A new study says ambulatory centers perform surgery more efficiently than hospitals and could allow the nation’s health care providers to keep pace with demand.
The study, published in the May issue of the journal Health Affairs, was authored by health economists Elizabeth Munnich of the University of Louisville and Stephen Parente of the University of Minnesota.
The two analyzed data from the Centers for Disease Control and Prevention for 52,000 surgical visits at 437 facilities over four years, a news release said.
They found that surgery center patients spent 25 percent less time undergoing outpatient surgery than hospital patients. And they inferred that patient costs were $363 to $1,000 lower than at hospitals while their health care was just as satisfactory, the release said.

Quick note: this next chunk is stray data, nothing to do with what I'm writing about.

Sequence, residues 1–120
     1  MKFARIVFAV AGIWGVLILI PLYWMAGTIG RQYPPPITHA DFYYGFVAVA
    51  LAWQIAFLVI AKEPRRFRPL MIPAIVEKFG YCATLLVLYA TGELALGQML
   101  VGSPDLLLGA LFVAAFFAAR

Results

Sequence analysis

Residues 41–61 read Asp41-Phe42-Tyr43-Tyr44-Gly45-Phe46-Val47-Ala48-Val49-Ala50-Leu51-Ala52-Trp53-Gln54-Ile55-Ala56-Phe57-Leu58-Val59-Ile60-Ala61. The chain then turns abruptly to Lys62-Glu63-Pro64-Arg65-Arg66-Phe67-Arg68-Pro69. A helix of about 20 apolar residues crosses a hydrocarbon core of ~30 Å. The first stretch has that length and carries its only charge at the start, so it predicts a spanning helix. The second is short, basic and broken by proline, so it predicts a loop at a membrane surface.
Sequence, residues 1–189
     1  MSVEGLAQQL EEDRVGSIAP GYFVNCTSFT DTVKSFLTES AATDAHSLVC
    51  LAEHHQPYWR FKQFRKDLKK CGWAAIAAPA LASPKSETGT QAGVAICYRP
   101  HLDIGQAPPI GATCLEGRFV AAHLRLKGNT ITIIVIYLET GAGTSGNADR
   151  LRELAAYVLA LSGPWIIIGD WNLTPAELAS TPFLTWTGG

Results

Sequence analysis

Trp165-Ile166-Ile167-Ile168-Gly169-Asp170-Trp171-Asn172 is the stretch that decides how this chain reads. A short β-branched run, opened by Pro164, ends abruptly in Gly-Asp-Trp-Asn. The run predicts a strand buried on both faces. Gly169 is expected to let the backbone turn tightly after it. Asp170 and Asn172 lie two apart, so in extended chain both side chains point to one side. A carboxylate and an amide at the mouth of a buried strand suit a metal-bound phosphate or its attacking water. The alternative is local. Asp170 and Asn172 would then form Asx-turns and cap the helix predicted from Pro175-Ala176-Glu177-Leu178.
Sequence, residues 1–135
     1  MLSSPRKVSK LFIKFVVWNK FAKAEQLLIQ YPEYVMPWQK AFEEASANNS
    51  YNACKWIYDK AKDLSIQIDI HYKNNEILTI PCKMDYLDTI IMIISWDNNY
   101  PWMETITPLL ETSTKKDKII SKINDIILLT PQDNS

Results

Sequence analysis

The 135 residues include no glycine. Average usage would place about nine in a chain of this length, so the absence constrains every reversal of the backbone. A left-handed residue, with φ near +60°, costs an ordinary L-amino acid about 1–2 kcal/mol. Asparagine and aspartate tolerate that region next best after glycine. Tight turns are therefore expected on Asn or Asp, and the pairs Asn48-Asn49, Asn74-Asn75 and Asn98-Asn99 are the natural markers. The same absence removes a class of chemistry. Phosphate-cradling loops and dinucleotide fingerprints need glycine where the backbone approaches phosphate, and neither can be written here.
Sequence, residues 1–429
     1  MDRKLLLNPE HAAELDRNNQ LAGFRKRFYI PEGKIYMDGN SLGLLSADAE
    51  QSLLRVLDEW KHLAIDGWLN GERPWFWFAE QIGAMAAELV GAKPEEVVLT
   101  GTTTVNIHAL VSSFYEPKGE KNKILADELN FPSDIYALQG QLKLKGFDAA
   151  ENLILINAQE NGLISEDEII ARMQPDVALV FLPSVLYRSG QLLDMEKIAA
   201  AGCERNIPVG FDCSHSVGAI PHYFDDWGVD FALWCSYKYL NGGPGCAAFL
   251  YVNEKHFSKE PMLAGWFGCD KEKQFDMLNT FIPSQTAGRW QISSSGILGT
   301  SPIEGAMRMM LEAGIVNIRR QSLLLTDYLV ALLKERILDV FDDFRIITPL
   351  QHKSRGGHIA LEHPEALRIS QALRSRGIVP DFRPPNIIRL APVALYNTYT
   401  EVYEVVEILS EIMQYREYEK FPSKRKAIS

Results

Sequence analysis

Demand for outpatient surgery has soared over the past three decades, partly because of advances in anesthesia and laparoscopic techniques, the release said. In 2011, more than 60 percent of all U.S. surgeries were outpatient procedures compared to 19 percent in 1981.
Munnich and Parente predict in their study that the number of outpatient surgeries in hospitals alone will continue to climb by 8 percent to 16 percent each year through 2021.
That’s important because theCongressional Budget Office estimates that 25 million more Americans will have health insurance in the next two years as a result of the Patient Protection and Affordable Care Act.
“Ambulatory surgery centers are a high-quality, lower-cost substitute for hospitals as venues for outpatient surgery,” Munnich said in the release. “Their increased use may generate substantial cost savings, helping achieve the ACA’s goals of reducing the cost and improving the quality of health care.”